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Open Features: The Trials Of Adrian Wheeler

"Now that it’s official—the war in Iraq is about to come to an end, at least for American soldiers—I have resurrected something I wrote this past Memorial day. When I wrote this piece, my thoughts were directed not to those soldiers who died in battle, but to those young men and women who came back (and are continuing to come back) from Iraq and Afghanistan—only to discover a battlefield far more relentless and infinitely more lonely,'' writes Steve Shear in this brilliant article about the true, and on-going, horrors of warfare.

I am speaking about all those recent warriors who do battle every day in their mind’s eye, seeing, hearing, smelling, and feeling the loss of a limb, their own or a buddy’s—or who in their sleep continuously experience the last five minutes of a buddy’s life. There’s no special day just for them. There’s no Veterans with PTSD day.

Post-Traumatic Stress Disorder is what they call it now. In the past it was battle fatigue and before that shell shock, but a rose by any other name is just as devastating I learned when I started the research on my recently published novel, The Trials of Adrian Wheeler.

When this country dropped its first bomb on Baghdad in March, 2003, I was so upset I produced what I still consider my best work of art, a painting I entitled The Sisters of Baghdad. Shortly thereafter I wrote a poem, The Bombing of Baghdad. Both can be found at my website: www.steveshear.net. Around that time, I remember getting a haircut and ranting to my barber, Harold, about how terrible the decision to go to war was. My barber was ultraconservative—and a hawk, although I didn’t know it at the time. His bald head (wouldn’t you know it) turned red, his eyes bulged and his lips began to quiver. My only thought at the time was to blurt out: “HAROLD, PUT DOWN THE SCISSORS!” Fortunately, I am still alive and Harold is still cutting hair, I assume.

It took years for the real fallout from that war to dribble from our television sets and newspaper into the living rooms of America causing me to revisit those feelings of anger over Iraq, as I read about all the young people coming back without jobs, sometimes without houses—and disabled. It was within that context, both emotionally and factually, that I decided to write about one of them, or shall I say my imagined amalgamation of them all.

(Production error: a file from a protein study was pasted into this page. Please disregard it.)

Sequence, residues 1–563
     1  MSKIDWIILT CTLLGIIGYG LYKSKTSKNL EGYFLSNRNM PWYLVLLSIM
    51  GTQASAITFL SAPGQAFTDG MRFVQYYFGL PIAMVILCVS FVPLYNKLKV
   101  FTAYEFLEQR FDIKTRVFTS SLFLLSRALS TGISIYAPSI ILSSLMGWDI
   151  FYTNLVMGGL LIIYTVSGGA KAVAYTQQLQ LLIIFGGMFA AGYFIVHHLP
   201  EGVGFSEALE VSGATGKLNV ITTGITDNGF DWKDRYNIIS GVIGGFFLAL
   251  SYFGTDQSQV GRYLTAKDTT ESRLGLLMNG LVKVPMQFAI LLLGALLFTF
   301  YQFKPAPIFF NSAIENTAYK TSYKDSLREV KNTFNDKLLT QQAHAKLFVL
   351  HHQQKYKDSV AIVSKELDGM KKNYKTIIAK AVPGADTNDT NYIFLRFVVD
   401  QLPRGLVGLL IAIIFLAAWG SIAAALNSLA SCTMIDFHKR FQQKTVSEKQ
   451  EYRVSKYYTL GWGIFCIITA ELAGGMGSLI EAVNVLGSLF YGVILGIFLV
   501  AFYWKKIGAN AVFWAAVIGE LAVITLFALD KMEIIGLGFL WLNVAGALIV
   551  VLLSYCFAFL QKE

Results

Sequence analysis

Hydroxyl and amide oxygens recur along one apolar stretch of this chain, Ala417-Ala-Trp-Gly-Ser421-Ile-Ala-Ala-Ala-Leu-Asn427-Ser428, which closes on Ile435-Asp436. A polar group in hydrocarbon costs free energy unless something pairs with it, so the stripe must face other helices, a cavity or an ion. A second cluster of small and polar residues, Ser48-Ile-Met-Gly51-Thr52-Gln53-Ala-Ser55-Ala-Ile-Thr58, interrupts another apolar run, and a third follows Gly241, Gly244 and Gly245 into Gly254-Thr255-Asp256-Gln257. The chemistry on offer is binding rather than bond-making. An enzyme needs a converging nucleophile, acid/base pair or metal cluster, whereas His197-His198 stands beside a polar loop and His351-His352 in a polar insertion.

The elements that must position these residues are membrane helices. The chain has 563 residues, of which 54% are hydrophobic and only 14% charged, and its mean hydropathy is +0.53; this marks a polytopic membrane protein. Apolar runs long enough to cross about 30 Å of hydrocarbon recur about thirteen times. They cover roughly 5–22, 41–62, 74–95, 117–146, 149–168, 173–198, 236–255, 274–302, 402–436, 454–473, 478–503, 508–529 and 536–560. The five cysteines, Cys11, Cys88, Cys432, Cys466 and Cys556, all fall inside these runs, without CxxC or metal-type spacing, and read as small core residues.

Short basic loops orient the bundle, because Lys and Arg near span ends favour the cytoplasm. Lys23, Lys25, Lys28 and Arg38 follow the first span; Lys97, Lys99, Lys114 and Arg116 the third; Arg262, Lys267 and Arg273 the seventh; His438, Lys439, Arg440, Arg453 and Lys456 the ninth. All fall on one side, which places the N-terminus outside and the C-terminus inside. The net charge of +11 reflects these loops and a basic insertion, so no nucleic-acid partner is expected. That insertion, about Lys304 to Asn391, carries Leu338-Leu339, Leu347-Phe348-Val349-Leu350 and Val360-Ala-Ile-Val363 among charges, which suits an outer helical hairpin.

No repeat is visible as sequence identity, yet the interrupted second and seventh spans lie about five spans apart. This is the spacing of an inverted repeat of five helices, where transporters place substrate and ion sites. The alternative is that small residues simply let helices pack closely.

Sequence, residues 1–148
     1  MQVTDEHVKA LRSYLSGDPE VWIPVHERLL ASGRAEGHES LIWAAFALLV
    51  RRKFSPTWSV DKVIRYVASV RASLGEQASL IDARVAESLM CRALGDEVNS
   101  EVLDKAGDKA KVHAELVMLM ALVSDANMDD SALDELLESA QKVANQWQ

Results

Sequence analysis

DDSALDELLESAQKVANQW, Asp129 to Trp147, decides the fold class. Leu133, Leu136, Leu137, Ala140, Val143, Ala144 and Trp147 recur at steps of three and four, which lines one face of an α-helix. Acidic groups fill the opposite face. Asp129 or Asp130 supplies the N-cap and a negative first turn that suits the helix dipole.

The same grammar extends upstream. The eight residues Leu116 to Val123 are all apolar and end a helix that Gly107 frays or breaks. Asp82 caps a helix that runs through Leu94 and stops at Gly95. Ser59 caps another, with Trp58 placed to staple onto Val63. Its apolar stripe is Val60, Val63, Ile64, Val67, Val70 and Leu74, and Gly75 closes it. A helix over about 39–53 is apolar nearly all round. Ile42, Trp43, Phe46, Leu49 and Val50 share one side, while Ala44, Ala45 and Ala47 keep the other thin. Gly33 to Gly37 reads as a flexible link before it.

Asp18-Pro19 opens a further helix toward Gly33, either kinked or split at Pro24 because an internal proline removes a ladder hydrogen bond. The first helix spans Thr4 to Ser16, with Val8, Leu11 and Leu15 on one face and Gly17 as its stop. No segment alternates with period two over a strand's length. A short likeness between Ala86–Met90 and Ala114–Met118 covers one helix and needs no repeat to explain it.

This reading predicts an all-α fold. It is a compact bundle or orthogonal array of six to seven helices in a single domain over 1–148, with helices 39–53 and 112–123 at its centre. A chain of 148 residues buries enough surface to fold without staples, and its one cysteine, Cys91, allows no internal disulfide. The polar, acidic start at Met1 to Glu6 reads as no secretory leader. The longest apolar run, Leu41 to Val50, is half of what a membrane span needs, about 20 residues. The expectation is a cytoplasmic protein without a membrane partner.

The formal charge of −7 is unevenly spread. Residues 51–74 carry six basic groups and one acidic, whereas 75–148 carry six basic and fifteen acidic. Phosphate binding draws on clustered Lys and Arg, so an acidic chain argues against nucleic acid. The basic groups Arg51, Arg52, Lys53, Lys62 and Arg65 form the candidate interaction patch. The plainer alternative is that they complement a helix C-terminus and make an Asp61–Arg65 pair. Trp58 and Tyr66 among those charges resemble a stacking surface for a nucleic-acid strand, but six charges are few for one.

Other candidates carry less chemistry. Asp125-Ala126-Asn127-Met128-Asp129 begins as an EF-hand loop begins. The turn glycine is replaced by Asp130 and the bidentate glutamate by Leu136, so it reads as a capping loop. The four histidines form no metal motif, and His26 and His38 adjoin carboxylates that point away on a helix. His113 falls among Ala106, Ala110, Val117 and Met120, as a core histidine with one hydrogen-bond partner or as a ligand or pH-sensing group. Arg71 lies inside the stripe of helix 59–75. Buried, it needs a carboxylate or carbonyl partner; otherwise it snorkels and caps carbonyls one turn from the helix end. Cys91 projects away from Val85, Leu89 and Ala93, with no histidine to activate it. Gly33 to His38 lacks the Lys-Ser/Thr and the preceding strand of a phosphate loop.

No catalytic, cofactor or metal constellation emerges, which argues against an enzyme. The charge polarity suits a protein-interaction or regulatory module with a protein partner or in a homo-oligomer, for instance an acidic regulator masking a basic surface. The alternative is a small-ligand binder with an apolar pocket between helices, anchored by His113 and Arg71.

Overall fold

I wanted to write about a young soldier who came back seriously wounded physically (In Adrian’s case, an amputee) and mentally (with serious PTSD)—and vicariously through him I wanted to see and feel how difficult it would be to become whole again—if that was even possible, and to understand his issues without getting too psychological (for myself and the reader). I wanted to consider two additional issues in particular (among others), namely: (1) why Adrian enlisted and what regrets he (and others like him) might have had; and (2) the illegality of the war itself and the fact that its chief architects have been missing from action with no bounty on their heads all these years—three issues altogether, disablement and serious PTSD, enlistment regrets, and our Government’s role in the death and injury of too many people to count.

I am here to raise these issues as topics of conversation, not to solve them—not even to take any particular side, as I didn’t in my novel since I didn’t narrate it. Adrian and the others spoke for themselves. And yes, I am hoping the people reading these words will pick up The Trials of Adrian Wheeler to see how Adrian (and the other characters) dealt with the issues at hand. We might then be back to discuss his views—their views. To that end, I can be reached at steveshear@gmail.com. Also, a synopsis and the first three chapters of Adrian can be found at my website. I am happy to say that Adrian has been optioned as a movie by a production studio in Los Angeles, Filmed Imagination, and one of its screenwriters has recently finished the first draft of the screenplay.

Disablement and serious PTSD